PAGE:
When I was working in government some years back, there was one senior economist who used to drink his head off. He got so bad that he could only pop-in at the office when the pay days were around the corner. Once he got paid, he would be missing from his office until no money was left on him. Within the first week of the month, he would be knocking on your door asking you to lend him money for his children’s fees. I was not very surprised when I heard he had died a couple of years ago. The time he was dying, he had lost his home, all three of his cars, his wife, and his children due to an addiction to boozing.
Any addiction is a danger to long-term personal finance stability. If you have a compulsion to commit a non-vital behaviour, particularly one that requires you to lay out money, it’s a massive risk, not only to you, but to your family and everyone around you.
Addiction counselling is something I confess to knowing very little about, so I spent some time scouring for resources both online and off. The best summary of dealing with one’s own addictions came from a non-profit site dealing with teenage addiction sponsored by the Nemours Foundation. The site lists countless signs to self-identify an addiction, then offers some good solutions that really sum up many of the tips out there. The tips focus on drug/alcohol addiction, but the principles apply to all addictions:
First tip. Tell your friends about your decision to stop whatever addition you have—could be overshopping, boozing, womanising, too much tea or coffee taking, video gaming, Facebooking, etc. Your true friends will respect your decision. This might mean that you need to find a new group of friends who will be 100 percent supportive. Unless everyone decides to kick their addiction habit at once, you probably will not be able to hang out with the friends you did practice the addition with before.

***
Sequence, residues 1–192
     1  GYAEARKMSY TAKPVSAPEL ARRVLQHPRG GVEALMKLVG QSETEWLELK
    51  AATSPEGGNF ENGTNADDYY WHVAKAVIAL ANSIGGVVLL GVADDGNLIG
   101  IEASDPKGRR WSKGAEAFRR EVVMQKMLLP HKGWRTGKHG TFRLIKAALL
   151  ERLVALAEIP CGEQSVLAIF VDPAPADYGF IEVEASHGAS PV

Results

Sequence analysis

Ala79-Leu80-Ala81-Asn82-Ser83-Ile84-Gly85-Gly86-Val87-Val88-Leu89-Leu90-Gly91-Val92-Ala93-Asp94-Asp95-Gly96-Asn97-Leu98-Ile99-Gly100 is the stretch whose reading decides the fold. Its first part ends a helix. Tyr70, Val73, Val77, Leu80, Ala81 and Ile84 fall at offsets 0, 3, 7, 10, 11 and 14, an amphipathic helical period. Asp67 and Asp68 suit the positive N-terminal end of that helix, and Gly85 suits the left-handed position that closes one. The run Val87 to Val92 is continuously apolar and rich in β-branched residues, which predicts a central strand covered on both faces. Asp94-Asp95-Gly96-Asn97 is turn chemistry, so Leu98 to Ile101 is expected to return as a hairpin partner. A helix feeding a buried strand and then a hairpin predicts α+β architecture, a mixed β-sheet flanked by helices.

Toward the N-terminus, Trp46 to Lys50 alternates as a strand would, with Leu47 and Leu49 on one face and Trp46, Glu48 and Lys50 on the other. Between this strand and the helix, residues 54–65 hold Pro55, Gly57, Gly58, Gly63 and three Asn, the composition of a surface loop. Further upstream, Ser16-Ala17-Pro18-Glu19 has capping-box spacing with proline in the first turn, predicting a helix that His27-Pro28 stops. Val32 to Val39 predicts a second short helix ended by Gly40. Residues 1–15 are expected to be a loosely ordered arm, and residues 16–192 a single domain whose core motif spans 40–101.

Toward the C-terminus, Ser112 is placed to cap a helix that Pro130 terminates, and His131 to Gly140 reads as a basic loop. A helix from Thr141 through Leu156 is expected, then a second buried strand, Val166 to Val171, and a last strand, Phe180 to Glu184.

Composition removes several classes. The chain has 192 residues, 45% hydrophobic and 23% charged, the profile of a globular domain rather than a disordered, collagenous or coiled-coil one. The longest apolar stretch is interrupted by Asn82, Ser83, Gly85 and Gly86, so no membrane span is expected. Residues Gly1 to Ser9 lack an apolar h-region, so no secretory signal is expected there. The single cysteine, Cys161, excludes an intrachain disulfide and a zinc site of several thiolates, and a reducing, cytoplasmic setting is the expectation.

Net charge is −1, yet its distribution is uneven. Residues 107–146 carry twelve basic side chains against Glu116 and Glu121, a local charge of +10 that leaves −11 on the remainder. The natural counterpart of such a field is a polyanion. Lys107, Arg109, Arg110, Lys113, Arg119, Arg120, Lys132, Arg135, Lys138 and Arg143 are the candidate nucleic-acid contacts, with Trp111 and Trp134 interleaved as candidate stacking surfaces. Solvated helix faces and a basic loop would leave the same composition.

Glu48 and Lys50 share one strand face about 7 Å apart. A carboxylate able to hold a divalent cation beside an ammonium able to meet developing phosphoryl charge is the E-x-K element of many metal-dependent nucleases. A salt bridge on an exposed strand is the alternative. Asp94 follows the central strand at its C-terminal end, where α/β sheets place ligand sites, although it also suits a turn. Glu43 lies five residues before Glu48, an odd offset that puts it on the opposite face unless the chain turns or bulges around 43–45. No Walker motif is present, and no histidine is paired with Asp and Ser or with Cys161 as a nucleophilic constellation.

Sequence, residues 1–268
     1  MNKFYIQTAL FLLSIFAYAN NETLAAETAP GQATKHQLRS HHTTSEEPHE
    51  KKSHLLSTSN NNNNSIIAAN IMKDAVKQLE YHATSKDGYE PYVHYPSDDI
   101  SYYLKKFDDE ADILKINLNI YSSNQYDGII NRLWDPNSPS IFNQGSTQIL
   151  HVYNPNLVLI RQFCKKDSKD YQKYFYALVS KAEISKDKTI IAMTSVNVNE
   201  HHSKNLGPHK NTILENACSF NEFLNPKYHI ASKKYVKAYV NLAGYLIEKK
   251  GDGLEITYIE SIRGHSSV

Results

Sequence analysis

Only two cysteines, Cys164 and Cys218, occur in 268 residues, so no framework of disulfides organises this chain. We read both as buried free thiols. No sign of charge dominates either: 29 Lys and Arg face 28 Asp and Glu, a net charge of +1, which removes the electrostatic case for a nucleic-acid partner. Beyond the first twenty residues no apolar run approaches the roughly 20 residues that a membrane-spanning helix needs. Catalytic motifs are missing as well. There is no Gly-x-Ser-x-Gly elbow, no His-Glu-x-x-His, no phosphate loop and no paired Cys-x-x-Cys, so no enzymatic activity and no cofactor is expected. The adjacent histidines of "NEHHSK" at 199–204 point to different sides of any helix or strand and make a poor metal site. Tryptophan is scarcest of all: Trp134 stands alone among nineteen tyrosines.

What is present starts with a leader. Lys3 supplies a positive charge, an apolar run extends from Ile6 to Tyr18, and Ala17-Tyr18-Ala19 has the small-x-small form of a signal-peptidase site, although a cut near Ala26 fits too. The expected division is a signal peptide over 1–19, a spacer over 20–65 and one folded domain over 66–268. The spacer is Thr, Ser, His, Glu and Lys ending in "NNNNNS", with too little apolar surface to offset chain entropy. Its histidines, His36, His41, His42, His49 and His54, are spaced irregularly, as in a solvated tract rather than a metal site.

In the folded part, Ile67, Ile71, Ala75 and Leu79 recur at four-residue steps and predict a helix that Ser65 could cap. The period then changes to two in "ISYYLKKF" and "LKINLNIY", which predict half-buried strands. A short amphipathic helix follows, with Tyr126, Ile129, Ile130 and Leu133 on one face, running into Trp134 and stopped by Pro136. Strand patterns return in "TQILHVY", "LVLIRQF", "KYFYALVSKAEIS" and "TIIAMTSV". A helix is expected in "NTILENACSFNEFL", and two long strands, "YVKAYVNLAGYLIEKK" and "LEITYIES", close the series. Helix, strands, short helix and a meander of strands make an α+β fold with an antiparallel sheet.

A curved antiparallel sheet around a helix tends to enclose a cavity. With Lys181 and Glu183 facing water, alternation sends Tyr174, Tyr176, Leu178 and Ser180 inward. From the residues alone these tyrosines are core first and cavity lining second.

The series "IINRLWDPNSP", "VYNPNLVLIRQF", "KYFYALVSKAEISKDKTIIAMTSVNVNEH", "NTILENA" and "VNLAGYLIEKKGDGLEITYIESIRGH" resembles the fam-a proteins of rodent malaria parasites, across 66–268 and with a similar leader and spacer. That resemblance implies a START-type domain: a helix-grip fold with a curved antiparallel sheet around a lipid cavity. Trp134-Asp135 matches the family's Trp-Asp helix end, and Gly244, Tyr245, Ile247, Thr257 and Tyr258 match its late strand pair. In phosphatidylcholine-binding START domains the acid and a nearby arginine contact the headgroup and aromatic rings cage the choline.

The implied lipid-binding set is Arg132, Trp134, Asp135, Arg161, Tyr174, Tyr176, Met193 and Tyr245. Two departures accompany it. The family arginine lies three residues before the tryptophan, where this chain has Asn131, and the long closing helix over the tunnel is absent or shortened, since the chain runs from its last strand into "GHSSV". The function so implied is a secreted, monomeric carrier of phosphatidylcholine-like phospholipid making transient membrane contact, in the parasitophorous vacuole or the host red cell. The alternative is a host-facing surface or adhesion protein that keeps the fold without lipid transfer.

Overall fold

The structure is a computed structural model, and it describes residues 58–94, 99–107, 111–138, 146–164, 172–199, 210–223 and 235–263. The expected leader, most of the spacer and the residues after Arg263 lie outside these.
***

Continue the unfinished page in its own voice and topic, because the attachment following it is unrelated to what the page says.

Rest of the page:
Second tip. Ask your friends or family to be available when you need them. You may need to call someone in the middle of the night just to talk. If you are going through a tough time, don’t try to handle things on your own — accept the help your family and friends offer.
Third tip. Accept invitations only to events that you know won’t involve your addiction like boozing, womanising, gambling, video gaming, etc. Plan going to events that will not put you into temptations of your addition. Try doing activities that take you out of your addition completely. For example, if you are into alcohol addiction, start going to cinema or watching soaps or movies at home or take an art class with a friend.
Fourth tip. Have a plan about what you’ll do if you find yourself in a place with much of your addiction like gambling, playing video games, chasing women or taking too much alcohol. The temptation will be there sometimes, but if you know how you are going to handle it, you will be okay. Establish a plan with your parents or siblings or friends so that if you call home using a code, for example, they will know that your call is a signal you need a ride out of there.
Remind yourself that having an addiction does not make you bad or weak. If you fall back into old patterns (backslide) a bit, talk to somebody you can confide-in as soon as possible. There is nothing to be ashamed about, but it’s important to get help soon so that all of the hard work you put into your recovery is not lost.
The real key here is to find a support network of people who can help you through this. Ask for help, even if it’s hard to admit your weakness. The truth is that the people who care about you most will be relieved that you are realising your problems and will be happy to help you with your challenges/addictions.
No matter your position, addiction can be a very serious issue. It can drain your finances and everything else you hold of value in your life. If you are recognising a problem of your own, or know of a problem that someone else has, don’t ignore it. Address it now, for your future’s sake.
Blessed week-end to you and yours. n